Also, notice the mulch paper. I prefer paper over plastic, as plastic is not good for the environment and has to be removed and thrown away. In the past, when I was farming and had big fields, I used WeedGuardPlus, which can be bought in long rolls for open fields. It’s 100 percent biodegradable. I recommend it because I’ve used it and I know it works; I’m not paid anything to endorse it. (Read more: https://www.weedguardplus.com)

This time, because I’m only using a few feet in a small garden, I’m using another paper mulch: Planters Planter. It does the same thing; it’s available from http://www.groworganic.com

With either product, at the end of the season, just till it under and it will biodegrade. I also on this garden put bricks to hold it down, just because I had a lot of them. Normally, you would cover the edges with soil. I put this down a few weeks ago when I put down compost and planted the clover. When it was put down, it was darker; but the sun has lightened it.

Today, we’ll focus on growing tomatoes.

To plant, dip you started tomato plant into a root starter or planting mix. You can buy starters or mix your own, including vegan recipes. (Photo: Jim Ewing, ShooFlyFarmBlog)

To plant, dip you started tomato plant into a root starter or planting mix. You can buy starters or mix your own, including vegan recipes. (Photo: Jim Ewing, ShooFlyFarmBlog)

The process is simple. Tear a hole in the mulch; dig a trench about 4 inches deep and eight inches long; dip your plant in starter or planting mix; and cover it up about two-thirds of its length. Viola! Planted. Now for the details.

First, you need to create a planting mix. I’ve written about this before, so I’ll quote:

“The general rule is that if a product or ingredient is listed by the Organic Materials Review Institute (OMRI), then it’s OK for certified organic use. Root Tone product, for example, is not listed on the OMRI site, nor is its active ingredient: idole-3 butyric acid, or indolebutyric acid; neither is the other most popular ingredient on the market: napthalacetic acid. Both are synthetics.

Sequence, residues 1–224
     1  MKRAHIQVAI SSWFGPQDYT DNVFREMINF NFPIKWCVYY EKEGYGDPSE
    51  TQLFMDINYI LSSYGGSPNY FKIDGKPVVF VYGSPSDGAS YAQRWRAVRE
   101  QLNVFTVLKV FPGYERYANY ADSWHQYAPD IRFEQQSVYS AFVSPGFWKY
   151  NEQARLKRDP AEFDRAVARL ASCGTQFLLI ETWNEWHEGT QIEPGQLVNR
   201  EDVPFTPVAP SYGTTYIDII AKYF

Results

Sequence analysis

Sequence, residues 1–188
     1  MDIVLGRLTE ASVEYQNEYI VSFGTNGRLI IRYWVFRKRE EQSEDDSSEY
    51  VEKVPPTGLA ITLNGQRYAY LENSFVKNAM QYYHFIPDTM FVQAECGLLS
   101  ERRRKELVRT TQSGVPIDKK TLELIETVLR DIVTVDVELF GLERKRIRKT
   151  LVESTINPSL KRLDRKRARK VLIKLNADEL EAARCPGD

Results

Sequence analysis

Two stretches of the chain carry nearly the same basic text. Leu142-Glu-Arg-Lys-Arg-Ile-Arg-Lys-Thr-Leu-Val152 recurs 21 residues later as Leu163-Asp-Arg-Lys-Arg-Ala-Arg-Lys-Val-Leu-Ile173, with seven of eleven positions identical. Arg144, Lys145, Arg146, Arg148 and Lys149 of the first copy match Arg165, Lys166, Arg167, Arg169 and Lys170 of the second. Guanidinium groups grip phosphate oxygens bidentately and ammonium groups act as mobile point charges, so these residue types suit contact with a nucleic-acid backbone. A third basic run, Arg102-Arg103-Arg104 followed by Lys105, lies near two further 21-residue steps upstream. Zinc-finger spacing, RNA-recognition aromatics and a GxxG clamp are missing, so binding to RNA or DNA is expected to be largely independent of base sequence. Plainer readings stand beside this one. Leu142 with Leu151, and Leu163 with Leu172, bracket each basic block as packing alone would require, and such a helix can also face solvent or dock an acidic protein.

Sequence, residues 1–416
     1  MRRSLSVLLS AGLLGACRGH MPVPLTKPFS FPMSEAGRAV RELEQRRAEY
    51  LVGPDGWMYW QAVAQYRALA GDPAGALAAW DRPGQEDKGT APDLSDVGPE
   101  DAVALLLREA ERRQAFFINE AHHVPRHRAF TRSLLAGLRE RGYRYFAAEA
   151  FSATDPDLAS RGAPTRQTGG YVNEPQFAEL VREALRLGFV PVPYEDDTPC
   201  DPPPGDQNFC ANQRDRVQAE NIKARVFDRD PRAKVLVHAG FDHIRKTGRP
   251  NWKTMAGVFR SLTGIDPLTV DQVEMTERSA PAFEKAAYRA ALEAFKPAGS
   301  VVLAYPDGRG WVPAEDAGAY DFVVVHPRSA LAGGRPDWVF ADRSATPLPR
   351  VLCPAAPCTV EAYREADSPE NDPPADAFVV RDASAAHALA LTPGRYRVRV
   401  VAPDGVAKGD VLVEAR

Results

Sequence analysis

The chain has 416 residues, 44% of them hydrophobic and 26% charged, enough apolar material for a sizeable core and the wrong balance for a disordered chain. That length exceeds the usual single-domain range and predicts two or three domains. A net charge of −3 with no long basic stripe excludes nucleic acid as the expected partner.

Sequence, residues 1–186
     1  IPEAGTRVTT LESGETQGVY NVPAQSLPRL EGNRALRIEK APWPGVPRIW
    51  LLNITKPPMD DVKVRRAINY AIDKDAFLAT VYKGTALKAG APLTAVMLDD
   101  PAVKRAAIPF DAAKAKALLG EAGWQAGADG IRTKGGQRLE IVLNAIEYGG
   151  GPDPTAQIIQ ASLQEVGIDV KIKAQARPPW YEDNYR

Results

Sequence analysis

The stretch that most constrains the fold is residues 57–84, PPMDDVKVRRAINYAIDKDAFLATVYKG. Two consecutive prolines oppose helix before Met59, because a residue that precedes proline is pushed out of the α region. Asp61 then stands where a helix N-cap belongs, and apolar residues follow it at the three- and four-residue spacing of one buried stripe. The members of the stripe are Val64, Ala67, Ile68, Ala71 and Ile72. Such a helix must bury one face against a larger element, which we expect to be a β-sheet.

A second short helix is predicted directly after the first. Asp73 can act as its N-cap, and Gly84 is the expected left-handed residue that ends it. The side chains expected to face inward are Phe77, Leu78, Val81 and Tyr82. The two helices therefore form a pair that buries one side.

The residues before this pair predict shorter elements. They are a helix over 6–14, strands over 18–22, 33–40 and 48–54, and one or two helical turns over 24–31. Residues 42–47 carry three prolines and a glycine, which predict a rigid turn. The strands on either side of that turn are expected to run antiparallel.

However, there are a number of organic root stimulators that are approved; including products such as Hygrozyme and Biorhizotonic. For more, see:
http://www.omri.org/simple-opl-search/results/root — or look up the name of the product. OMRI does not list synthetic products.

“Farmers themselves often have their own “secret” natural concoctions that may include fish oil, blood meal or other natural fertilizers. (We use a mixture of water, kelp meal and fish emulsion.) Just use your finger or a trowel to poke a hole in the soil, dip the roots of each start in the mixture and plop it in, gently patting the soil around it.”

This time, I didn’t have much time, so I used Earth Juice, which is essentially the same mix I usually use, but premixed and store-bought. Note: If you’re vegan, and object to using any animal products in your garden, you can use Vegan Mix fertilizer, see: http://www.groworganic.com/vegan-mix-3-2-2-6-lb-box.html

It’s possible to have an entirely vegan, organic garden: the only animal life is the pollination by the bees, aeration of the soil by earth worms, and whatever birds come to visit. (Notice in the photos, I also have a plastic owl; that’s to keep birds from pecking my tomatoes!)

If you have lots of compost from leftovers from your vegan meals, you’re simply transferring fertility from wherever those plants were grown to your backyard. Those plants will provide the trace elements your garden will need. If you are having problems with insects or blights, there are organic (and if you look hard enough, frequently vegan) solutions on the NCAT/ATTRA database:  https://attra.ncat.org/attra-pub/biorationals/

It’s a free, quick way to diagnose problems in the organic garden.

Lay the plant down in the trench so only to top sticks out and cover it up. (Photo: Jim Ewing, ShooFlyFarmBlog)

Lay the plant down in the trench so only to top sticks out and cover it up. (Photo: Jim Ewing, ShooFlyFarmBlog)